TikTok Invisible Challenge is being used to steal passwords and cryptocurrency
Hackers are always thinking of innovative methods to take advantage of the most recent trends, and the most recent example uses a well-known TikTok challenge to deceive unwary users into downloading malware on their devices. If you are unfamiliar with the TikTok challenge known as the “Invisible Challenge,” it entails using an invisible body filter that turns your body’s skin tone into a green screen. With the exception of a silhouette surrounding your body’s outline, you may appear nearly invisible in videos with neutral backgrounds if the filter is activated.
Even though TikTok has had the “invisible body filter” for a while, some video producers have started using it to conceal their bodies while recording in the nude. As you might anticipate, some people have begun to ponder whether the filter may be lifted in order to see what is beneath. According to BleepingComputer, hackers jumped upon the opportunity right away and are now selling specialized “unfiltering” software to get rid of the initial filter. The WASP stealer malware, which steals passwords, accounts, and even bitcoin, is installed by this software instead of eliminating the invisible body filter from TikTok videos.
A fresh study from the cybersecurity company Checkmarx claims that two TikTok users produced videos on the app that have received over a million views in an effort to advertise software that can remove the invisible body filter. Additionally, they provided a link in their platform profiles to a “Space Unfilter” Discord channel where users could use the app. If a user chooses to click the link and sign up for the Space Unfilter Discord server, they are met with NSFW films uploaded by the hackers responsible for this campaign, which purport to demonstrate how their software can disable the TikTok filter in the issue.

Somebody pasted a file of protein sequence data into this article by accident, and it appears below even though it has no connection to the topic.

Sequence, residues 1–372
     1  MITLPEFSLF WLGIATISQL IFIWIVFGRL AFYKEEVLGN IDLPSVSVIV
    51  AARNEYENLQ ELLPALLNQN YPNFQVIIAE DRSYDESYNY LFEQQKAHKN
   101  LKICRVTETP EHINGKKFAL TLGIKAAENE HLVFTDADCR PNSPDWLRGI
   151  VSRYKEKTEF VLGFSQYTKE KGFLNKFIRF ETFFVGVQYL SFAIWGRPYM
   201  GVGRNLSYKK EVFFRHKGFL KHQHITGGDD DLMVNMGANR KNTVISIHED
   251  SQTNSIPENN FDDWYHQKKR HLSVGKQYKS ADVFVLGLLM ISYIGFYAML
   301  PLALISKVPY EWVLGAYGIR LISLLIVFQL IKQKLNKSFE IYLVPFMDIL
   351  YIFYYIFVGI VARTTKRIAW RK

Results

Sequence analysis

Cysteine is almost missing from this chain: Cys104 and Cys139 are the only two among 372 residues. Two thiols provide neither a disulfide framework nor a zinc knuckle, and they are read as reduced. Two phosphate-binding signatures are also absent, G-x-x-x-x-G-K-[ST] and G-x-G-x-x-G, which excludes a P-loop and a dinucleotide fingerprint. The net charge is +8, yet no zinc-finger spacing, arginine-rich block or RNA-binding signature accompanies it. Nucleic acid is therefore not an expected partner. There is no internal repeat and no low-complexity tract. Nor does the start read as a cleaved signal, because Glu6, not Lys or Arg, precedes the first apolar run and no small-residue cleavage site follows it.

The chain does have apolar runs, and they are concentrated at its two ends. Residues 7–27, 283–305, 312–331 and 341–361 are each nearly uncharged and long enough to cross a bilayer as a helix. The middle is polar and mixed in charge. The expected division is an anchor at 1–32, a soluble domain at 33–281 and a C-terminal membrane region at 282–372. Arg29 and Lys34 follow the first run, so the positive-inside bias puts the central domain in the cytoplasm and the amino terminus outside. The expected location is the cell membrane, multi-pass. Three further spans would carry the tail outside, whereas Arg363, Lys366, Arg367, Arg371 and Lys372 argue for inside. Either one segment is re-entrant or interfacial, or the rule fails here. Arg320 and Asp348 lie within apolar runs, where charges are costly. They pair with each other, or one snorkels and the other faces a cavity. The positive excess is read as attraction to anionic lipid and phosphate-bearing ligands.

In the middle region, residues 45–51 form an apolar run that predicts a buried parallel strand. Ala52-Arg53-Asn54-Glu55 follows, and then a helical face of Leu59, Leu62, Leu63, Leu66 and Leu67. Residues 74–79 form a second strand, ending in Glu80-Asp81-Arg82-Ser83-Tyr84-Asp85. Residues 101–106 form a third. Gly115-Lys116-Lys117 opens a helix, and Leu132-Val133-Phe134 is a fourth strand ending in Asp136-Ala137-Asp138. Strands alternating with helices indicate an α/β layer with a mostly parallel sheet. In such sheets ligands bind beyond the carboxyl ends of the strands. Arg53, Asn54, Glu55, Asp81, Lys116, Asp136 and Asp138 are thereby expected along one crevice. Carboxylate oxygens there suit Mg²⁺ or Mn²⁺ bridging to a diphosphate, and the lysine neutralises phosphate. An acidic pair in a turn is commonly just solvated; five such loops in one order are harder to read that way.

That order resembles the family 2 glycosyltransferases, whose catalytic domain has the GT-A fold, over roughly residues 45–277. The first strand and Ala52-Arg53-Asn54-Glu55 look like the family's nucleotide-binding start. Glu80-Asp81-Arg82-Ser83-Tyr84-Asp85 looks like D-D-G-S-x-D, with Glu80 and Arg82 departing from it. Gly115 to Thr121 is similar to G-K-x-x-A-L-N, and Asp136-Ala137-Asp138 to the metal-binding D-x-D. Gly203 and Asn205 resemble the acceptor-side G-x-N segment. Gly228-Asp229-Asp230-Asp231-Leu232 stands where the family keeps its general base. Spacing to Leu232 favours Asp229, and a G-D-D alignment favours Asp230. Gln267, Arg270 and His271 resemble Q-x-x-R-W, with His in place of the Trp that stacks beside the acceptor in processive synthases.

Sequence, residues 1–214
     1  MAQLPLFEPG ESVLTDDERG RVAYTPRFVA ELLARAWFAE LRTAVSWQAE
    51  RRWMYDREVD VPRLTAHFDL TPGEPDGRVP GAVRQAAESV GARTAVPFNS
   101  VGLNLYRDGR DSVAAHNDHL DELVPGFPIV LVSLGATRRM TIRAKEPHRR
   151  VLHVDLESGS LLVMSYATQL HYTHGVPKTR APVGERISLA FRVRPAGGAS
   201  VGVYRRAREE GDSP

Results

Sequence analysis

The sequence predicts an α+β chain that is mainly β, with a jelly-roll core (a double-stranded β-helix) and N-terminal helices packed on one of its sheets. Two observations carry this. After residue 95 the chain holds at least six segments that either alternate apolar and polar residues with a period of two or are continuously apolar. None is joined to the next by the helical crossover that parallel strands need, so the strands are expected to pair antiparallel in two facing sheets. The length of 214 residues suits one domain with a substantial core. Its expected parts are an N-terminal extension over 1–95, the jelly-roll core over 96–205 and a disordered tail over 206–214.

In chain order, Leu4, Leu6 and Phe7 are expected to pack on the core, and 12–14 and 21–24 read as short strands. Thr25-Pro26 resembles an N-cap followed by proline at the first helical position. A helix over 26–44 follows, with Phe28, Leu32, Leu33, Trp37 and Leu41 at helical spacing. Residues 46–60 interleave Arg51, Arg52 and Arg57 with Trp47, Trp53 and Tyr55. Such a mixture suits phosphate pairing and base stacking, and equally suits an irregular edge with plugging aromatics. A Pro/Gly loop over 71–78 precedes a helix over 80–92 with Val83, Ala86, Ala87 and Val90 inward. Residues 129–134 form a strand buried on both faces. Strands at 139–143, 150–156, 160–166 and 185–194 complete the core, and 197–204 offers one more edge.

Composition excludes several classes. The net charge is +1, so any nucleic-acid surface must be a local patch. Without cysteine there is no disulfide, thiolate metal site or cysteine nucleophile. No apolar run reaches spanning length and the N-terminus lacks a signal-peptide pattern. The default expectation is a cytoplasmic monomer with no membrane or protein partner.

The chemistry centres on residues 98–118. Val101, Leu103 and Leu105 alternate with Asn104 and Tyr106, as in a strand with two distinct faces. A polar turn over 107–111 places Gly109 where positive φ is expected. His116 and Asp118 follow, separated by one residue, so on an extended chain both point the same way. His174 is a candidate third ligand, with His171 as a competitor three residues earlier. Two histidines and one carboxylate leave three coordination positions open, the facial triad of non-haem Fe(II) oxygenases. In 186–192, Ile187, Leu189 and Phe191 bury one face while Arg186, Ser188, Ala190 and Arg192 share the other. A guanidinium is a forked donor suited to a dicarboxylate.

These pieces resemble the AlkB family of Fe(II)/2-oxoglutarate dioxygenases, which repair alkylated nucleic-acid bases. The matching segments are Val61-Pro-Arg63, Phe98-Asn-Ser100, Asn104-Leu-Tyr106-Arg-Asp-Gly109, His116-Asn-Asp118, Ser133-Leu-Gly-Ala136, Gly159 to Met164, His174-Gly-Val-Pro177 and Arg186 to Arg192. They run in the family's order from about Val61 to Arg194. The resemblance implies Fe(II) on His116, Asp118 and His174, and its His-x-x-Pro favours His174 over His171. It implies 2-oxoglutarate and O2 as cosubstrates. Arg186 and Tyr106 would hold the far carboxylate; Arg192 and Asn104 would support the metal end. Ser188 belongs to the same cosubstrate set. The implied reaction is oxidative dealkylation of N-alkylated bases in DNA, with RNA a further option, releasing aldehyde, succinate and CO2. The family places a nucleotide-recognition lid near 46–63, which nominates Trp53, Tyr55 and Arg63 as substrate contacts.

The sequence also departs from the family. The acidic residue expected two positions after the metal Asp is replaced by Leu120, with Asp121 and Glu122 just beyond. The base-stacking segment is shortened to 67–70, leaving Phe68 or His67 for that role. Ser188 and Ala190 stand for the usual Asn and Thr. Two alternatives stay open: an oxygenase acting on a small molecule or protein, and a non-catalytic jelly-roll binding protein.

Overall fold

Additionally, a “Nadeko” bot account automatically sends a private message to users asking them to star the GitHub repository that hosts the malicious program. These private communications appeared to have served their purpose because the project’s repository, which houses all of its files, suddenly rose to the top of the GitHub projects list. Once downloaded onto a victim’s smartphone or computer, a script within the repository downloads a malicious Python package containing the WASP stealer virus.
It appears that this campaign is still active as of right now. When the Python security team deletes the hacker’s malicious packages, they improvise and use a different name, as Checkmarx notes in its report. Thankfully, the Unfilter Space Discord server has been disabled, and “Nitro generator” files have taken the place of the GitHub repository.
How to stay safe from malware exploiting trends
Cybercriminals like to take advantage of trends, particularly those that convey a sense of urgency. This was demonstrated earlier this year with Queen Elizabeth II and at the start of 2020 with phony coronavirus treatments. This is why you should always use caution when clicking on links, whether they are in your email or on social media. Being at risk of having your identity stolen or having your devices infected with malware is simply not worth the risk when something looks too good to be true. It’s important to keep an eye out for spelling and language errors, which are both big warning signs of these scams.
At the same time, you should refrain from opening emails or messages from unknown senders, particularly if the subject line is empty. Even if you install one of the top antivirus software packages on your computer and one of the top Android antivirus applications on your smartphone, fraudsters may still be able to access your accounts through phishing. You may be on a phishing page, or a hacker may be employing an overlay to steal your credentials if a website or app requests that you log in even though you are already logged in.
Regarding the TikTok Invisible Challenge, you shouldn’t record videos or take images of yourself that you wouldn’t want other people to view. Even if you’re using a filter, posting personal information online can come back to bite you.